How does Ralph summon the others in Lord of the Flies?
In Chapter 1, Ralph and Piggy find a seashell in the lagoon. Piggy realizes that it is a conch. He says that it can be used like a horn. Here, we have the first example of Piggy's intellect. His physical weaknesses make him an easy target for a bully like Jack, but his intellectual abilities make him stand out as the academic of the boys.
After a few tries, Ralph gets a loud, booming sound from the conch:
A deep, harsh note boomed under the palms, spread through the intricacies of the forest and echoed back from the pink granite of the mountain. Clouds of birds rose from the treetops, and something squealed and ran in the undergrowth.
Little by little, the boys gravitate to Ralph and Piggy, some asking for the man "with the trumpet." Ralph informs them that he's summoned them to a meeting. The conch has been used successfully. It is a tool for organizing the boys on the island. It becomes of symbol of order and, with these meetings, it gives the boys a chance to assign jobs and responsibilities in a civilized way. Ralph has leadership qualities and Jack does as well. But with Ralph holding the conch when the boys arrive for the first meeting, he seems to command more authority. One of the boys shouts, "Let him be chief with the trumpet-thing."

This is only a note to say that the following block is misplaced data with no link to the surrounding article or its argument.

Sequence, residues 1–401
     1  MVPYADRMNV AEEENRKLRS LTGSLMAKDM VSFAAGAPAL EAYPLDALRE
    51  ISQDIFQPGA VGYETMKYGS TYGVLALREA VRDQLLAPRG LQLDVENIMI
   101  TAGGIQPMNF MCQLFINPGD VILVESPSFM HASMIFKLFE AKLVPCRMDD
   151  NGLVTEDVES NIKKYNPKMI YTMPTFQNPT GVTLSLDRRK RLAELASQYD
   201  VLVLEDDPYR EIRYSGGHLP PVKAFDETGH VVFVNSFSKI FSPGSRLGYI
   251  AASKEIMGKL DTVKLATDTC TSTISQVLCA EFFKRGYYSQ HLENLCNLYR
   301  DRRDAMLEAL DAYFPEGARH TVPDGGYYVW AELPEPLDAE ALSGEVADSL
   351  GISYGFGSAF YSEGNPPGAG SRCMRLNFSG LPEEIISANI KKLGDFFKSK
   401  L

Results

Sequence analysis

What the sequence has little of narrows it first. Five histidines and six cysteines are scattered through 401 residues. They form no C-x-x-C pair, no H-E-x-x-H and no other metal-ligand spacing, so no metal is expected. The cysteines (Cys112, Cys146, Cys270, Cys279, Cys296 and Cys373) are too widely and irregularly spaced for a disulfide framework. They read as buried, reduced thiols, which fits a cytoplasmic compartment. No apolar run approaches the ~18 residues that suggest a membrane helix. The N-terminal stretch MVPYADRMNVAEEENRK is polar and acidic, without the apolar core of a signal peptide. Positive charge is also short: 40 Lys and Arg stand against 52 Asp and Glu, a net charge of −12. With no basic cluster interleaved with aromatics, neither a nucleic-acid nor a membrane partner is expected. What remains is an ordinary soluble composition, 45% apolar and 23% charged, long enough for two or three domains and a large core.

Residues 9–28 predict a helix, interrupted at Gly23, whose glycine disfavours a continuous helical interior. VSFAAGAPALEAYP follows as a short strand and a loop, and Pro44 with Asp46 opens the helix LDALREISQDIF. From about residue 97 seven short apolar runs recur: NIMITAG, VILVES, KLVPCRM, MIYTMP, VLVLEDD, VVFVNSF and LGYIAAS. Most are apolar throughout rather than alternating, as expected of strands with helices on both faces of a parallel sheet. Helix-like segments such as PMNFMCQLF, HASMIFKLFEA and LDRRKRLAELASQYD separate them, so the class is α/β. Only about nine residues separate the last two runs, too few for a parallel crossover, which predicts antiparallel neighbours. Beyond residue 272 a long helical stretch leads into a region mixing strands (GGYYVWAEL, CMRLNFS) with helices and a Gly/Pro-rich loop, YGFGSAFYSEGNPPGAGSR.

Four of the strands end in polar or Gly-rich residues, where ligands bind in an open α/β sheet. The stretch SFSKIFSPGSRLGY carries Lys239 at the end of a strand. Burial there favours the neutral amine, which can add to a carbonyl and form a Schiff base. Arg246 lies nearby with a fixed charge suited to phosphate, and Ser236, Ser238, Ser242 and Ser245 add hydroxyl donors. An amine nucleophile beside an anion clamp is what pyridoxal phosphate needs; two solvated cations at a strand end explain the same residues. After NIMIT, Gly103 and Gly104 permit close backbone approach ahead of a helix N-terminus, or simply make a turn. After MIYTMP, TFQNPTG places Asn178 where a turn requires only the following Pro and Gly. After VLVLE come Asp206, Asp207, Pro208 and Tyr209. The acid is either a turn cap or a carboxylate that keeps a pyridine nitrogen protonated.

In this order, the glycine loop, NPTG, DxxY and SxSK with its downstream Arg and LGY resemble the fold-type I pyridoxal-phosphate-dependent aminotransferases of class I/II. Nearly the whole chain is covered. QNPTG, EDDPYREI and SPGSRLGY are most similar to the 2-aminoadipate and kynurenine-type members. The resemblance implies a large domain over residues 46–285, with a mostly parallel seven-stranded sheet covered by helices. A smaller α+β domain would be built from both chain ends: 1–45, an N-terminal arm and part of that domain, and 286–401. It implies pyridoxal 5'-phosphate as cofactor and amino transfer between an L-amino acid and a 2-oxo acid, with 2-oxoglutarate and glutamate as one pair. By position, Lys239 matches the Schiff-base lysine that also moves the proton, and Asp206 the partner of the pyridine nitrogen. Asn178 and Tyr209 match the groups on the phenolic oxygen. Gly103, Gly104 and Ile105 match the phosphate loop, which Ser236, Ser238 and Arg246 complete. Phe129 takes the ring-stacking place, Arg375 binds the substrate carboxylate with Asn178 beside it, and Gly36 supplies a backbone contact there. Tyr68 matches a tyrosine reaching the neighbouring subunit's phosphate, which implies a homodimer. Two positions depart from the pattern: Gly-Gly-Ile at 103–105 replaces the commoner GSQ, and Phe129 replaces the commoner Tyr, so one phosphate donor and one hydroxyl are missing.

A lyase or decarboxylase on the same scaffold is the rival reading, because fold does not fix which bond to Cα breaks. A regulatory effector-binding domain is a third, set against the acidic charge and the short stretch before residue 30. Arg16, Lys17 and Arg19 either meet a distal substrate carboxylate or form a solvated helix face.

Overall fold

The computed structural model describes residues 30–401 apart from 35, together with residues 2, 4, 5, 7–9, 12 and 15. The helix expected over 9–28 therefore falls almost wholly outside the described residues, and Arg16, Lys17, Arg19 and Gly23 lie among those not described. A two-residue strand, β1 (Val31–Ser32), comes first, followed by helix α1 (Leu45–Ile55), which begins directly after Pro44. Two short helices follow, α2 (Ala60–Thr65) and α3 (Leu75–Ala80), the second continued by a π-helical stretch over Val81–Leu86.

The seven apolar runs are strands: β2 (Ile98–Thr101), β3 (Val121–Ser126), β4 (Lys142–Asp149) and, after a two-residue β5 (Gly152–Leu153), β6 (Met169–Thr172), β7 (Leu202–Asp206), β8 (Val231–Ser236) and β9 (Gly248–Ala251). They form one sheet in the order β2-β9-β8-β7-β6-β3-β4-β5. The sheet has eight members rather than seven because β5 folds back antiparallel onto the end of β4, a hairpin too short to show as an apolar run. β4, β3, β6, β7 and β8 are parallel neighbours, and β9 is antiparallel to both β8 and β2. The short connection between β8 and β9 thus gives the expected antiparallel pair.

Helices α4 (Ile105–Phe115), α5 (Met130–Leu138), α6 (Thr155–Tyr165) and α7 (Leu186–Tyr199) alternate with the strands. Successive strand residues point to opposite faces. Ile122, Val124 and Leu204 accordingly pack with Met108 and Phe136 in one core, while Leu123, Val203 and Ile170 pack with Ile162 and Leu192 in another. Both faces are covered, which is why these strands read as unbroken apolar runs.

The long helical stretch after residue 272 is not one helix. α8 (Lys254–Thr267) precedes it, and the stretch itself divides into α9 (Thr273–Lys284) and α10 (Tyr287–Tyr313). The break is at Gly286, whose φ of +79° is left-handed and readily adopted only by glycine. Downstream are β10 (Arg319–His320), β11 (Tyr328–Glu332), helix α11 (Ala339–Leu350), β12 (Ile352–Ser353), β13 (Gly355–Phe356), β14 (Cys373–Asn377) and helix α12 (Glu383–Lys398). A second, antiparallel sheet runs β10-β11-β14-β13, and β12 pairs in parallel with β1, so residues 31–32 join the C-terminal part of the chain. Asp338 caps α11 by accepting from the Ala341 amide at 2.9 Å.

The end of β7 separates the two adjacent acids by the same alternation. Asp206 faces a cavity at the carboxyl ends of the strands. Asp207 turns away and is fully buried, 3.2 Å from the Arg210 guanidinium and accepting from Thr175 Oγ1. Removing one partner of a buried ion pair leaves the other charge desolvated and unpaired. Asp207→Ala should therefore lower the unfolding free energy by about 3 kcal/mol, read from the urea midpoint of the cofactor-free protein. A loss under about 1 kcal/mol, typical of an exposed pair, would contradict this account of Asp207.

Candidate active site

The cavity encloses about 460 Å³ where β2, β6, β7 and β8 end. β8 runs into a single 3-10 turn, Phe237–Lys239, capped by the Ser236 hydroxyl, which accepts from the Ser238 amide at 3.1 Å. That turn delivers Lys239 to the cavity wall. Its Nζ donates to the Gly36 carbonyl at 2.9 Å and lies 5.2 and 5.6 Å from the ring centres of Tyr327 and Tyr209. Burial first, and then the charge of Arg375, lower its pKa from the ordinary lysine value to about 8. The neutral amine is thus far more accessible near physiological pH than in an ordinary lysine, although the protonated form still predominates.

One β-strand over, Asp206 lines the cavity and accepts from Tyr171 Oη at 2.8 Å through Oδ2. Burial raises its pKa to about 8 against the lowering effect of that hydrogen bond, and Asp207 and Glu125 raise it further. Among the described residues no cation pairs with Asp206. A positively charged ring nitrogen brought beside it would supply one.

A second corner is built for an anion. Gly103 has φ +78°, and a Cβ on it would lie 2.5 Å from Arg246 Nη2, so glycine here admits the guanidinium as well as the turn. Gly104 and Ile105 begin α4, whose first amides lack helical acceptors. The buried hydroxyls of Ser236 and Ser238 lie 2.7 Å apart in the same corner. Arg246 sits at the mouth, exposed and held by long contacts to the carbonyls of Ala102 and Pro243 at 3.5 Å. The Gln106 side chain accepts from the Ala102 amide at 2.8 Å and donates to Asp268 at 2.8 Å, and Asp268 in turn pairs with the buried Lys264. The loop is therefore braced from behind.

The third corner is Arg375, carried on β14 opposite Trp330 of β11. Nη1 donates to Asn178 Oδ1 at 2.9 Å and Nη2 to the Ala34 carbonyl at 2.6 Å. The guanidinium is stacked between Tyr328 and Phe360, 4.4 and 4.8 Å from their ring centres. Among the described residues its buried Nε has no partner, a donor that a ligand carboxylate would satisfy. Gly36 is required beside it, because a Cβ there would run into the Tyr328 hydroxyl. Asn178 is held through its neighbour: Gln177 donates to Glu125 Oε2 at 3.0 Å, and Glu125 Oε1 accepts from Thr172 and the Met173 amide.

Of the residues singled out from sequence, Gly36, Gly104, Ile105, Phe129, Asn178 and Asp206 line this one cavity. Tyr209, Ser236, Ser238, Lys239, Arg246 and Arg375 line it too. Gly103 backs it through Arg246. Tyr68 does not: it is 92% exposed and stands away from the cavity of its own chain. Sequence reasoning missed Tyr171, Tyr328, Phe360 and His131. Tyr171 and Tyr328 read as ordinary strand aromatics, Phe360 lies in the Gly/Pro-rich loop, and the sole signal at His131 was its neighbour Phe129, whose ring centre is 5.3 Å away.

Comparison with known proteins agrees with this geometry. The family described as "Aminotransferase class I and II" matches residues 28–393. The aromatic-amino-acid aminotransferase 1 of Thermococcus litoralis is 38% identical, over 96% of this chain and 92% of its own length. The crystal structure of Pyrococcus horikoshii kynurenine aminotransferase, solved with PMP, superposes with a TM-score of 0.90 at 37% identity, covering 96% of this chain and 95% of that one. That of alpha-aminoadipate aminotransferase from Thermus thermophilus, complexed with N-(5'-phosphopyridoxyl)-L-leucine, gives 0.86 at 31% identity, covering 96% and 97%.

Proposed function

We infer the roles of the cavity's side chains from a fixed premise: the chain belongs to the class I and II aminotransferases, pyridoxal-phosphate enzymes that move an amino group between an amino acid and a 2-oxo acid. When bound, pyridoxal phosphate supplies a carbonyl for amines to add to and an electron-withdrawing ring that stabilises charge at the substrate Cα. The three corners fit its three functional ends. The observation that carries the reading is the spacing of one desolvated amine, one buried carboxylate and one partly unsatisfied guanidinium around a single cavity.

As some of the boys become less civilized and more irresponsible, the effectiveness of using the conch to keep order diminishes.